Timelines: History and Chronology in Spacial Terms

The somewhat young medium of displaying history, the timeline, reinvented not only how people chronologically present history, but also the way in which they think about history. According to Grafton, “The timeline offered a new way of visualizing history, And it fundamentally changed the way that history was spoken of as well”  (20). The chronological, linear representation of events is a fairly new tool as it was popularized in the eighteenth century. However, its use is so widespread now that many do not think of other ways to represent history.

In an attempt to make even more sense of the Payne and Froehlich Travel Journals, we used several timelines to both give context and display the details of their journey. As a class, we used TimeMapper to create a timeline of events from the 1740s, when Payne and Froehlich were writing. Our goal was to provide context for the journal entries. Below is an image from this timeline, we aimed t1740s TimeMapper Battle of Lauffeido focus our events to the US colonies at the time. This would allow us to reach a greater understanding of the journal entries by discerning their cultural context. The TimeMapper allows users to understand the story of the US colonies and the world during the 1740s. The chronology of events is important, as early events impact later ones. This timeline could have also been somewhat misleading, however, as there is a chance that we included events that were not relevant to the Moravians we were studying. If irrelevant occasions are included and emphasized as heavily as highly influential events, it is possible that we would gain false understandings about the material.

While TimeMapper allowed us to see the broader context for the journals, the TimeGlider timeline allowed us to show the chronology of Payne and Froehlich’s travels. We aimed to note the important events mentioned in their journals; showing where they went, who they met, where they stayed, and other details.  Being able to decipher what events helped to move their journey along and putting them on a timeline gave us the opportunity to view their story in a different way. As Grafton referenced W.J.T. Mitchell, “The fact is that spatial form is the perceptual basis of our notion of time, we literally cannot ‘tell time’ without the mediation of space” (13). This emphasizes the importance of spacial relations to telling time and ultimately understanding stories. TimeGlider allowed us to see the spacial reTimeGlider Payne:Froehlich Travel Diarylations between specific events that occurred day-to-day for these men. To the right, is an example of my contribution to the timelines. From this TimeGlider timelines, we are able to see the interactions that the men had with different justices on different days. After combining all of the events onto one timeline, we will be able to see the travelers’ complete story.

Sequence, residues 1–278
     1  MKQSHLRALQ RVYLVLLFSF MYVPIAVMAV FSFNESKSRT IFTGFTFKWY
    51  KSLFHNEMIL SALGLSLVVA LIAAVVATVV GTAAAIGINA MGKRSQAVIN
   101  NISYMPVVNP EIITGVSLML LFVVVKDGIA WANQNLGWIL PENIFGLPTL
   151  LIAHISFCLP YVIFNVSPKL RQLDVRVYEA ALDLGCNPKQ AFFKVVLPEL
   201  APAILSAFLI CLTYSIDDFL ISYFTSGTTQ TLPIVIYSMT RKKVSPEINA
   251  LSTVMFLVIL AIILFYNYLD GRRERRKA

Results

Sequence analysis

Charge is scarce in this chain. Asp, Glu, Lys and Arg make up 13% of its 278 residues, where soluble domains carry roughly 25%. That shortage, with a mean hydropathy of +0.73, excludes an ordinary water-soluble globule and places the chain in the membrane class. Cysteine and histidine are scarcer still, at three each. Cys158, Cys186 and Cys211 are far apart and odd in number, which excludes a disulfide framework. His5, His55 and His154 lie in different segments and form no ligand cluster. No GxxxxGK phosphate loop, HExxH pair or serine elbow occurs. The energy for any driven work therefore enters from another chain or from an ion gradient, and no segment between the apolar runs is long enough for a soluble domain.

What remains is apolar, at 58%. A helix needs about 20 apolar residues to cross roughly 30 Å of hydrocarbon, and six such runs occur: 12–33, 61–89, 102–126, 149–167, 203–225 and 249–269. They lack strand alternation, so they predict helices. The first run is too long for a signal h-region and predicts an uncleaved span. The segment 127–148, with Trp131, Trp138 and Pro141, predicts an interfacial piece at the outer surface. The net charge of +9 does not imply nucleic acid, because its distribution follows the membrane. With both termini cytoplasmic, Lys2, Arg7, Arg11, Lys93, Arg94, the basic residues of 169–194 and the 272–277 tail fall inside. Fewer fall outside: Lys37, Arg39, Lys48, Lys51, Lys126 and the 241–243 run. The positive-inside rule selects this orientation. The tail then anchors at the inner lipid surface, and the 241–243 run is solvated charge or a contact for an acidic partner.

In both TimeMapper and TimeGlider, the timeline creator is able to insert images, graphics, and texts that further elaborate on each point. This enables even more details to be provided for events. These digital additions to timelines allow users to gain deeper knowledge about the events.

Grafton points out that timelines as they are not entirely helpful as, “historical narrative is not linear” (20). He mentions the complex ways in which events interact and influence one another. This is an extremely valid point to make when speaking about the traditional timeline. However, the use of digital humanities and tools such as TimeMapper and TimeGlider, somewhat addresses this issue. As previously mentioned, these tools allow for more detail and therefore creates a more coherent and accurate narrative. The tools also allow the timelines to be concise and neat, while still containing copious amounts of information.

Creating timelines for both the travel journals themselves and the historical context of the journals helped to make sense of Payne and Froehlich’s journey. Their story can now more clearly be interpreted not only by its chronology, but also by the details of the events and the spacial representation of time.

Timelines